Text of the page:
Our bodies mount an intense response to infection, which includes a high fever to damage the pathogens, T-cell elevations and increased antibody production to rid your body of “viral debris.” This is supposed to be a temporary response; after the threat is neutralized, your body tamps down its immune response.

This is by design, as a perpetual fever and high levels of antibodies keep your body in a dangerous state. Just as chronic stress, keeping your body in an extended state of “fight or flight mode,” increases disease risks, so, too, do permanently elevated levels of antibodies. Girardot details three reasons why:

1.  Too long a fever would end up breaking down all healthy cells, and so the remedy would be worse than the illness.

2.   Perpetual specialized T-cells are also dangerous as they can start off-target attacks of healthy cells (as often occurs with immune checkpoint blockade treatments against cancer), and would be like leaving your home filled with a battalion of armed soldiers with their guns loaded and pin-less hand-grenades.

3.   Finally, very high levels of antibodies with nowhere to go are also extremely dangerous. They can passively bind to receptors of healthy cells, and kickstart a cascade of autoimmune diseases. Land mining where you live.

Where’s the buzz about natural immunity?

Early data on SARS-CoV-2 found that antibody titers declined rapidly in the first months after recovery from COVID-19, leading some to speculate — incorrectly — that protective immunity against SARS-CoV-2 may be short-lived. However, declining antibodies shouldn’t be confused with declining immunity. It’s natural for antibodies to go down after acute infection.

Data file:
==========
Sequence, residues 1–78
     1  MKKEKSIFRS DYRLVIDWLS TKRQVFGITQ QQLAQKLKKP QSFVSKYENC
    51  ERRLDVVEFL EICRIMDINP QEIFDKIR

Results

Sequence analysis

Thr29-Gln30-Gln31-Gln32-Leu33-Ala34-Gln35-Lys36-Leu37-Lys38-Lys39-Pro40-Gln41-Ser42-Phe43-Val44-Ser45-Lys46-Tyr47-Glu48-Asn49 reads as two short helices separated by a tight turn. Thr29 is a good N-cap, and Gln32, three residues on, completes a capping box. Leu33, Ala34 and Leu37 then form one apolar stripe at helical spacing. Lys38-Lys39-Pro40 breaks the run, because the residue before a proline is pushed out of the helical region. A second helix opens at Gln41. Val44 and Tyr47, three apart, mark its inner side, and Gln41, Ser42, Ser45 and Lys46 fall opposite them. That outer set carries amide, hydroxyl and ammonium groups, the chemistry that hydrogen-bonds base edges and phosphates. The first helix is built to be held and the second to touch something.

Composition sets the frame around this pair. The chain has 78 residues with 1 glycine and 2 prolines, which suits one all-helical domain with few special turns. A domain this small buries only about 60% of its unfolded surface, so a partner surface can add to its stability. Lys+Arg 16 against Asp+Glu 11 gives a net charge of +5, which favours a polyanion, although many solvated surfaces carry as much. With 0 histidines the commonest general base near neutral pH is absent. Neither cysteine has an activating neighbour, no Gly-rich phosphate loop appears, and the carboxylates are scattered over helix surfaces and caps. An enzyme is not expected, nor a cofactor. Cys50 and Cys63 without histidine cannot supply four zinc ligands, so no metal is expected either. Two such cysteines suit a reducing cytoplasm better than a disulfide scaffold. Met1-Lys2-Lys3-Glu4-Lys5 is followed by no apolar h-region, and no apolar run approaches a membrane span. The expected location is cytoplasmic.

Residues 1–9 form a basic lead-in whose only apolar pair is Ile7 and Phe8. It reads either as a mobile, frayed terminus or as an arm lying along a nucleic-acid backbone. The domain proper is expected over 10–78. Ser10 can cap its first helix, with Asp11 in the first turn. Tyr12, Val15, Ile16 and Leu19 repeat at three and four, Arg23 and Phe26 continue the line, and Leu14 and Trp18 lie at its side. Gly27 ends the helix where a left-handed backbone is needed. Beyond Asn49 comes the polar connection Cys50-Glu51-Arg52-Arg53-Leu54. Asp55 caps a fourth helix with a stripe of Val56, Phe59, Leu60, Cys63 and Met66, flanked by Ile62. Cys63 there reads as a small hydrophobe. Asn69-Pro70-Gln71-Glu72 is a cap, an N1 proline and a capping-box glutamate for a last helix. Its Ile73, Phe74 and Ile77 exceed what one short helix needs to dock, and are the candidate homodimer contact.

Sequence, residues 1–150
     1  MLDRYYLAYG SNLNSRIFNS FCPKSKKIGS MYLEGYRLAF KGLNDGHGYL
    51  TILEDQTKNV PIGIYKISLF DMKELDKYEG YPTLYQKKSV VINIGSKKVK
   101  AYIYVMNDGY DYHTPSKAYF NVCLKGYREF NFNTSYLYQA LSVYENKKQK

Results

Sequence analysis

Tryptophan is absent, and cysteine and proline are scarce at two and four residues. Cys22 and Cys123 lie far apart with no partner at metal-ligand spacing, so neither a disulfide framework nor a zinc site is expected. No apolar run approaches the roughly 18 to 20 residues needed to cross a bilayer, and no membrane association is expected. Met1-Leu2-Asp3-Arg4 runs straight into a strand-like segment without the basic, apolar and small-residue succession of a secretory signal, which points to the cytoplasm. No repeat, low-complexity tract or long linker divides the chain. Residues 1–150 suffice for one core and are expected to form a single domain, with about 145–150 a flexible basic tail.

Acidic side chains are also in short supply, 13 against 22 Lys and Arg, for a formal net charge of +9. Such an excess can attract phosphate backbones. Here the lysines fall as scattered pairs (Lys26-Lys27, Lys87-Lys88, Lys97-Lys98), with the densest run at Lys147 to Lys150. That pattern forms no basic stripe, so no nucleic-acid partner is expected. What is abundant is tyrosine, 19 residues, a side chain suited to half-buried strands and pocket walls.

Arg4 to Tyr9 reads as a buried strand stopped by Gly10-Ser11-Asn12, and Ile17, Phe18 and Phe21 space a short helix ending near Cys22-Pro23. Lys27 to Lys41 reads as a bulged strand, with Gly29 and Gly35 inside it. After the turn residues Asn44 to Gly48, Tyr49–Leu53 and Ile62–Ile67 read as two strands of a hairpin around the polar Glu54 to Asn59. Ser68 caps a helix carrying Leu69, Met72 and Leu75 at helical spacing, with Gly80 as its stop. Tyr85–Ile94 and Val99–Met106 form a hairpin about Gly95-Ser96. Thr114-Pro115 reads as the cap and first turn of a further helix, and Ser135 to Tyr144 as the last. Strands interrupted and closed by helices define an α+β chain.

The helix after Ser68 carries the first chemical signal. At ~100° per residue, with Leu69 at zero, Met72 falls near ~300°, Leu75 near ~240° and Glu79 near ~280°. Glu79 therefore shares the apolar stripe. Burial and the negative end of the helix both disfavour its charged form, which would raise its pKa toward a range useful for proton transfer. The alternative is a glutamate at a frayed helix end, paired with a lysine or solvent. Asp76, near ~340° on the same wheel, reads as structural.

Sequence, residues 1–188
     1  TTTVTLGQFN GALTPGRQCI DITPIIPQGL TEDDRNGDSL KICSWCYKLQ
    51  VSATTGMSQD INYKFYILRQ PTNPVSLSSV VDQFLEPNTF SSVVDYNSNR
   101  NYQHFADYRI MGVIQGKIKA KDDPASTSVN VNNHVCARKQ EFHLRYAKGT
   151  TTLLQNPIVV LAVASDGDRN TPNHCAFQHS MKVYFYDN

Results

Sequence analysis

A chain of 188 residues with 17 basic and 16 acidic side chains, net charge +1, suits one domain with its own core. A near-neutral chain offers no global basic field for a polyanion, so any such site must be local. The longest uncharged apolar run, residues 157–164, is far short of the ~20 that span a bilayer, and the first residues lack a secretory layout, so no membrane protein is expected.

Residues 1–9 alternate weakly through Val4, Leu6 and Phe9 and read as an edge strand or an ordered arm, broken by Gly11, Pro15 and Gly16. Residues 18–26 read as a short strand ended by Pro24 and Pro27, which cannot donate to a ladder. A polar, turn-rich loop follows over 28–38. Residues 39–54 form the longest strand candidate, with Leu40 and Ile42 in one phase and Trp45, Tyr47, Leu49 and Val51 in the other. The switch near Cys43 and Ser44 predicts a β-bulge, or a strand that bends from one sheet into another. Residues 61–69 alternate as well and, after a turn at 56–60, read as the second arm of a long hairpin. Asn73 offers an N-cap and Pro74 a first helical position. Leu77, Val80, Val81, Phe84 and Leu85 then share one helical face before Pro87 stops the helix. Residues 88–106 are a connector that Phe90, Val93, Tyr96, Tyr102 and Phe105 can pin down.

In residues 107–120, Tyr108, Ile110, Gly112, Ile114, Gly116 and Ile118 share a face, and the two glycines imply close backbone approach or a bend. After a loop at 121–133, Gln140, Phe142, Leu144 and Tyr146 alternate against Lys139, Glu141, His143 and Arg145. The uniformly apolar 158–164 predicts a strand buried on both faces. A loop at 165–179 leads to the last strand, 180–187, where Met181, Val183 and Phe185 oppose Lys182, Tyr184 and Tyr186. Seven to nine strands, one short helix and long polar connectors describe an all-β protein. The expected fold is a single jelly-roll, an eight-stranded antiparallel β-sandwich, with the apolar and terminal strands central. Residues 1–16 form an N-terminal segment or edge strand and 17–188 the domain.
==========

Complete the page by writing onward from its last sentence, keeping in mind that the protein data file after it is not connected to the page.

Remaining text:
They don’t disappear, however — they plateau. In the case of SARS-CoV-2, antibodies decline in the first months after infection, as they should, then level off to about 10% to 20% of the maximum concentration detected.

When a new infection occurs, cells called plasmablasts provide antibodies, but when the virus is cleared, longer-lasting memory B cells move in to monitor blood for signs of reinfection. Bone marrow plasma cells (BMPCs) also exist in bones, acting as “persistent and essential sources of protective antibodies.”

This is why if you’ve had COVID-19, even a mild case, you’ve more than likely got long-term — potentially even lifelong — immunity, according to a team of researchers from Washington University School of Medicine. This is something that existing COVID-19 shots and booster shots cannot provide.

A retrospective observational study published August 25, 2021, also found that natural immunity is superior to immunity from COVID-19 shots, with researchers stating, “This study demonstrated that natural immunity confers longer-lasting and stronger protection against infection, symptomatic disease and hospitalization caused by the Delta variant of SARS-CoV-2, compared to the BNT162b2 two-dose vaccine-induced immunity.”

Yet, there’s hardly a mention of this powerful immunity provided by nature, upon recovery from COVID-19, by health officials. Even those who are already naturally immune are urged to get COVID-19 shots and a booster dose — with waning effectiveness just four months later — no matter the consequences.

The CDC continues to state that COVID-19 shots and boosters are safe, but this is an unprecedented experiment on humankind. No one knows whether humans’ immune systems, and overall health, will be able to withstand such an ongoing assault, but many have their doubts.

As Girardot put it, “I would like to underscore the absolute lunacy of delivering these products to an entire population every three to four months. It’s nothing short of criminal. In my earnest opinion, repeated vaccine injections can only lead to one outcome: generalized illness and death …”

Reprinted with permission from Mercola